Celebrity rehab

'Project: Lohan' takes a second look at LiLo and finds a portrait of the times

Sparkle, Lindsay, sparkle! D'Arcy Drollinger (center, surrounded by her posse) stars as La Lohan


THEATER Opening night of Project: Lohan arrived on the wobbly heels of its subject's latest headline humiliation: another car accident for 26-year-old actress, singer, model, and tabloid treasure Lindsay Lohan. While a less serious one than the month before, the crash still served as a fitting epilogue to the cross-dressing mocudrama created by playwright-actor D'Arcy Drollinger (wielder of 2010's riotous Scalpel!), a satirical but hardly uncompassionate trek into celebrity oblivion now making its West Coast premiere at the Costume Shop, American Conservatory Theater's new performance venue on Market Street.

Actually, though it reads like one, Project: Lohan isn't really mocking at all, since all of its crass and buffoonish dialogue comes directly from sources in the public record — trial transcripts, 911 calls, chat shows, magazine copy. Lohan is a pretty straightforward exercise in "Laramie"-style documentary theater executed in less-than-straight camp mode. The approach ends up being more than mere parody, offering some critical distance on both the docudrama genre itself and the media-born regime of beauty and success that sacrifices pampered lives like Lohan's to the general distraction and degradation of the public imagination.

Not to put too fine a point on it. Under assured direction by Tracy Ward, the whole thing plays as high-octane comedy. A panoply of personalities crisscross the stage, if only for a hot second, including the likes of Tina Fey, Jane Fonda, Meryl Streep, Britney Spears, and James Franco (in Franco's case a headshot on a Popsicle stick serves nicely); and the piranha-like Lohan peer group of Paris Hilton, Scarlett Johansson, Hilary Duff, et al. With a sharp and vivacious Drollinger in the role of Lohan, flanked by a quick-change cast of cross-dressing comedic talents (Liz Anderson, Allegra Rose Edwards, Michael Patrick Gaffney, Cindy Goldfield, and Sara Moore), it's a 90-minute feast of campy impersonations and shrewd comic timing.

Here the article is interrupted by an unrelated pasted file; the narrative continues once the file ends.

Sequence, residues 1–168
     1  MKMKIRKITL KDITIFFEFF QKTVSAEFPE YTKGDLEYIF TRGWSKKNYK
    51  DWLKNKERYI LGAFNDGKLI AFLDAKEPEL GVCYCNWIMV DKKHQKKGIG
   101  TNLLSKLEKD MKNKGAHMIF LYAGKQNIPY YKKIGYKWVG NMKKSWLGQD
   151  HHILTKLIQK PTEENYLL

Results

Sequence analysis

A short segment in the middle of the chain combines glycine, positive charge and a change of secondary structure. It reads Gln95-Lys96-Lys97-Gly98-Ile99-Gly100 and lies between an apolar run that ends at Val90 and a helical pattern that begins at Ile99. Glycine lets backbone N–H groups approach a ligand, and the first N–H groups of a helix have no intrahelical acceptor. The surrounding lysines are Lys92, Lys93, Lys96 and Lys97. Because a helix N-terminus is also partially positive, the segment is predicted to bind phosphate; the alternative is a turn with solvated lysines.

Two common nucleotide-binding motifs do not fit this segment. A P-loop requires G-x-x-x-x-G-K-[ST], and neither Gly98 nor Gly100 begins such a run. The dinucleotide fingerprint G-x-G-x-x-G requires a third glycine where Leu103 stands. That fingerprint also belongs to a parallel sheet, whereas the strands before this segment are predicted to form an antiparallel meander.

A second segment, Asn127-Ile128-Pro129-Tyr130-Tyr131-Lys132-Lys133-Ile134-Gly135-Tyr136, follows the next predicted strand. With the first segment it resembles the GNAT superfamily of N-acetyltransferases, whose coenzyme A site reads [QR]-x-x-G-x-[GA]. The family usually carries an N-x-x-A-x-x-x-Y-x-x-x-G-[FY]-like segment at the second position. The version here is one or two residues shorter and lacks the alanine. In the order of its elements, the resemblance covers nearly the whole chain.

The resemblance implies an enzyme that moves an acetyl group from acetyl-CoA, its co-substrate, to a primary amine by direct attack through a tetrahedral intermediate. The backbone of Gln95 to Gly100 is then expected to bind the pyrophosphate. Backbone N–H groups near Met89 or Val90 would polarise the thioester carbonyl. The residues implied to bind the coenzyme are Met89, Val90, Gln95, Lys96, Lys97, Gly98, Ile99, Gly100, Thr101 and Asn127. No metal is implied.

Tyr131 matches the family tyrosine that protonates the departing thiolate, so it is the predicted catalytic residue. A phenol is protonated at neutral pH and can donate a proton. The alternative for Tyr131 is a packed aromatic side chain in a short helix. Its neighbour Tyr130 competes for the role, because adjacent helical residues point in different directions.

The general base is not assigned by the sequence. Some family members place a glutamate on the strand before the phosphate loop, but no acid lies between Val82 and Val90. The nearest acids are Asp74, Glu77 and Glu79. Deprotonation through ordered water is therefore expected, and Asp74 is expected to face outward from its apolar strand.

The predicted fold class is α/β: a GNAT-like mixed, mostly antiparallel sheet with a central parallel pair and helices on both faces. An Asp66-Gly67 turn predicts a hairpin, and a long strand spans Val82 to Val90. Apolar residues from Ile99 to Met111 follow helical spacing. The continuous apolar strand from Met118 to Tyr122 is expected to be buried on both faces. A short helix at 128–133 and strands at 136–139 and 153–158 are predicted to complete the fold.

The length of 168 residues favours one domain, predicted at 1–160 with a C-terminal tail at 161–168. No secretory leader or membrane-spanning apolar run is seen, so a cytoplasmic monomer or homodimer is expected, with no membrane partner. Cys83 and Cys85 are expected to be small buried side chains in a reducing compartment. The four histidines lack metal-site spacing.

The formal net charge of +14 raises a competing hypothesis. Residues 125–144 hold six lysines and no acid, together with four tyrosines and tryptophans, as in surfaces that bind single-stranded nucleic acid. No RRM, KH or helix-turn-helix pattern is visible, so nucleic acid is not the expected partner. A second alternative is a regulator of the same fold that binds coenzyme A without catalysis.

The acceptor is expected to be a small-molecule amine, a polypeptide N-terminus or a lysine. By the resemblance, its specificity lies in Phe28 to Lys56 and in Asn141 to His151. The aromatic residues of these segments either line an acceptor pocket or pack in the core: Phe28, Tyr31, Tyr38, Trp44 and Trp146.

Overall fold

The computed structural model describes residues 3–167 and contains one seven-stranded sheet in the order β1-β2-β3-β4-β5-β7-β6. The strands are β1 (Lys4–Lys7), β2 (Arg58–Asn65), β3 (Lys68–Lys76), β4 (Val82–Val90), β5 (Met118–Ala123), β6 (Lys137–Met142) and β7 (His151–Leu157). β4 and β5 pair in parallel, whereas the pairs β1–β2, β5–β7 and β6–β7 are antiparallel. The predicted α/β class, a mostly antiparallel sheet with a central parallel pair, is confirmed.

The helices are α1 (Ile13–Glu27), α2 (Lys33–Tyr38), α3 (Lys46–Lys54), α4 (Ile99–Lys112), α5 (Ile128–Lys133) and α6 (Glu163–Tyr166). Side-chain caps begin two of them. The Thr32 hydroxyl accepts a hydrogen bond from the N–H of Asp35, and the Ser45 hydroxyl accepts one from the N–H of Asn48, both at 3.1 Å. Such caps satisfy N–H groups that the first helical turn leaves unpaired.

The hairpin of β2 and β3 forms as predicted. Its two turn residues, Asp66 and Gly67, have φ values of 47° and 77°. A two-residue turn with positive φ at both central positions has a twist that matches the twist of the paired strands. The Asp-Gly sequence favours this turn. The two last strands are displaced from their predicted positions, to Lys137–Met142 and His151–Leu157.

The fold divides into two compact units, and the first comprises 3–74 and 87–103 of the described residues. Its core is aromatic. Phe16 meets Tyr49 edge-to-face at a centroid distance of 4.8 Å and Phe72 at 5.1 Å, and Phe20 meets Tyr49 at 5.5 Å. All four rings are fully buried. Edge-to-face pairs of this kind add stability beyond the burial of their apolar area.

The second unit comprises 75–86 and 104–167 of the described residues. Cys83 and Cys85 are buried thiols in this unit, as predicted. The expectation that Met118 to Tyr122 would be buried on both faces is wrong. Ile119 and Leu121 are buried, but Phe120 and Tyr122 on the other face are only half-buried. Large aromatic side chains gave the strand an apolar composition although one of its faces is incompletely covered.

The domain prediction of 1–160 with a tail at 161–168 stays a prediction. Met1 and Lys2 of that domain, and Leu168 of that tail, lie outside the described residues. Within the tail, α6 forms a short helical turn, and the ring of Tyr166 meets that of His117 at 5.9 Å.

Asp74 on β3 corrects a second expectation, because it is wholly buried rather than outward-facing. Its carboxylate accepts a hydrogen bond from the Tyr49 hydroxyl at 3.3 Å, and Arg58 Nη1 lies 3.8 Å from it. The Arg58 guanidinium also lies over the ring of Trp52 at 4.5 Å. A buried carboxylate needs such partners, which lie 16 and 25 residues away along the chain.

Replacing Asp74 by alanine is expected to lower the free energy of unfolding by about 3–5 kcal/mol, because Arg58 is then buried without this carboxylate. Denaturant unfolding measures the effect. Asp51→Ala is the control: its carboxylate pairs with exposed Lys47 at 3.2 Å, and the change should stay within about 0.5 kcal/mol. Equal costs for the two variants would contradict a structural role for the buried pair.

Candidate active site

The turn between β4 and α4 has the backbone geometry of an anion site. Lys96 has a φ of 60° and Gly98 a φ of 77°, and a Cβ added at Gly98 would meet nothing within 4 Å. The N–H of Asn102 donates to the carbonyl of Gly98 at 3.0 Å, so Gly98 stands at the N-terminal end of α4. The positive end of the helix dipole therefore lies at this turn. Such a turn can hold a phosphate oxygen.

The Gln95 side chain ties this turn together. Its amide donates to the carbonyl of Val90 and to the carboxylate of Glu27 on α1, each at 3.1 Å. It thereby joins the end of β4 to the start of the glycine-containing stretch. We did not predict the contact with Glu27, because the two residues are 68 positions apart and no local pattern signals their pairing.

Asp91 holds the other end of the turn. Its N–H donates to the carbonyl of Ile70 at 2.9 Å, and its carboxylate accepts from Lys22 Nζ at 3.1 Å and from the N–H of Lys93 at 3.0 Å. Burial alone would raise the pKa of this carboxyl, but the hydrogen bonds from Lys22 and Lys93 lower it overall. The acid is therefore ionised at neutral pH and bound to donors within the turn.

But in sending up the freak show that is celebrity culture, Project: Lohan's despoiled subject unexpectedly gains back some of her humanity. Meanwhile, the focus shifts gradually from Lohan to our complicity with the celebrity mill as ready voyeurs-consumers of its pathetic winners and vaunted losers. At the nadir of scandal but the height of publicity, Lohan repeatedly moans about alternately safeguarding or recharging her "career." But by now it's clear that the debauched sideshow of her "personal life" really is her career already.

Even in Kent Taylor's expertly doctored photographs — which replace Lohan with Drollinger (in Lohan drag) on tabloid pages, magazine covers, movie posters, and the like (all projected on a screen at the back of the stage)—the barrage of glitz suggests the sharp arc of a talented girl's mean ride on the celebrity roller coaster. And Richard Neveu's final video montage adds a mesmerizing and chilling coda to the whole romp, as we watch a smiling child model morph jarringly into a burnt-out "star."

But the easy pickings of the public record are as much a problem as a boon to the script itself, at least at first. If the play owes its narrative shape to a balanced diet of National Enquirer, theater of the ridiculous, and the self-congratulatory documentary theater of the Tectonic variety (whose style has ripened into parody before, as in 2009's Zombie Town), it's the strict adherence to a chronological docudrama approach that girdles it in a relentless rhythm that, punctuated by datelines and pull-quotes, quickly becomes monotonous — and undercuts somewhat the natural hilarity in the rowdy stage show.

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